Film Review: Orange Sunshine
It's hard to imagine the mass-production of drugs without the lust for wealth or power. One group of individuals proved the stereotype wrong, simply wanting to bring love to the masses.
Set in an era unbeknown to today's youth it seems hard to imagine a time when LSD initially, was not illegal. Although LSD was difficult to come by the 60's was a period of time that would become synonymous with self-exploration and the popularization of the term hippies. The hippie culture would have repercussions throughout the ages with the ideals it held.
Long before the aggressive stance on drugs that many governments have now taken, there was a group of individuals with a simple ideal, bringing love and well-being to the masses. How would they do this? By providing all men and women with the mind-bending drug LSD, or in their case, Orange Sunshine. Their own mass-produced LSD that would come to be the drug that defined an era.
The film “Orange Sunshine” is a throwback to a period in time when spiritual revolution superseded wealth and riches. Directed by William Kirkley is features a group that would come to be known as the “Brotherhood of Eternal Love”, a somewhat motley crew united by one vision. This documentary style film uses a mixture of interview style footage from the founding members as well as pictures and recreations of events by actors. All packaged together in 8mm style filter the result is a lively and aesthetically pleasing 93 minutes, somewhat like a sunny retro thriller in the way the narrative is told.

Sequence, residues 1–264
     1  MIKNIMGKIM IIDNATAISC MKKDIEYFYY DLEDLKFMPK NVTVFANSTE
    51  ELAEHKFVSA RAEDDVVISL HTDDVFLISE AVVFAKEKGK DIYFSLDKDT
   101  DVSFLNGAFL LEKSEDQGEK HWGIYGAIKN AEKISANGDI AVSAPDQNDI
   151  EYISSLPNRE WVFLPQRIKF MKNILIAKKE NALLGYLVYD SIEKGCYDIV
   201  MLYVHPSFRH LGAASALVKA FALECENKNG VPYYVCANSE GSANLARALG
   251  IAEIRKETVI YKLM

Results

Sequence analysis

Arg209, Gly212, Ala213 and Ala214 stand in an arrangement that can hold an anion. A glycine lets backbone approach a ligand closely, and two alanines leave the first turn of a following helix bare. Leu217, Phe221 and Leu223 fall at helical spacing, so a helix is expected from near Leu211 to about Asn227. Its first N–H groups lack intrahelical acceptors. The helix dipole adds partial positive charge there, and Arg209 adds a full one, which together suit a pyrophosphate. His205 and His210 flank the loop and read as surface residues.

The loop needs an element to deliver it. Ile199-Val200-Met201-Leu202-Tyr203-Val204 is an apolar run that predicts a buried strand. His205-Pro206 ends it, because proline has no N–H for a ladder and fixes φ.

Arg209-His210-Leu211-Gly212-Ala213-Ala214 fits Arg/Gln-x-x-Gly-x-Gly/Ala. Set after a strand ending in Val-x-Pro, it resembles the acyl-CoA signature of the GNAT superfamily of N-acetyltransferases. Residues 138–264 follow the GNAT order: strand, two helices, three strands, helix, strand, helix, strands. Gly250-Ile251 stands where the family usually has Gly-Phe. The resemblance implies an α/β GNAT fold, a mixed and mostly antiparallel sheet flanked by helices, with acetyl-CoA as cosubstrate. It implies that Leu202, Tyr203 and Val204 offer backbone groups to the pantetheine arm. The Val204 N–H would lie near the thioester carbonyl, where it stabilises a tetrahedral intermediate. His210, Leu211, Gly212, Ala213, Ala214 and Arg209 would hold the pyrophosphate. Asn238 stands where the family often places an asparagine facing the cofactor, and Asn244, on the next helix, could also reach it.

The story centres around a young couple, John and Carol who, after experiencing their first trip pack up the conventional lifestyle of employment, mortgage and kids to live communally with like minded individuals. Now they don't actually abandon their kids but you get the idea, driven by what John describes as “divinity running through him”, himself and best friend Michael Randall, brothers Rick and Ron Bevan and surf-shop owner Travis Ashbrook. United under the title of the “Brotherhood of eternal love” their journey would take them across America with the sole purpose of enlightening the masses or a phrase that is used often by the members “turn on the world”. The idea that psychoactive drugs, namely LSD could open people's eyes and allow for a much more connected society.
Whilst this film does and incredible job of painting the charismatic members at the centre of the brotherhood, it is ultimately about the manufacture and distribution of LSD. And whilst initially the drug wasn't illegal, the film sees the introduction of the war on drugs. A war that would bring those swinging sixties to an end. Watch in awe as the group seems protected by some divine intervention, much like the pilgrimage they claimed to be on, as blunder after blunder keeps them out of handcuffs. This lucky escapism does seem slightly surreal at times made even more prominent when the film features an interview with the chief police officer looking at the case at the time. Some 50 years later he is still unamused and very opposing of the groups activities, despite their commitment to the goal of mass enlightenment rather than for profit or greed.
In summary, this film heralds back to a time far simpler in nature. You only need to watch a few of the interviews featured to see that even now, after serving prison time the original members still believe in the mantra of their brotherhood. Tied together by something stronger than blood they really did want to “turn on the world” after the almost biblical trips they had had at the hands of LSD. Orange Sunshine achieved legendary status in its day and this film does a great job of capturing that purity whilst telling the story in a compelling manner. Even if drug culture is not your preference this film can still be enjoyed for its encapsulation of the human spirit and the desire to change the world for greater good. The swinging sixties may have long since ended but this desire for a better more open and understanding world lives on.
Written by: Josh
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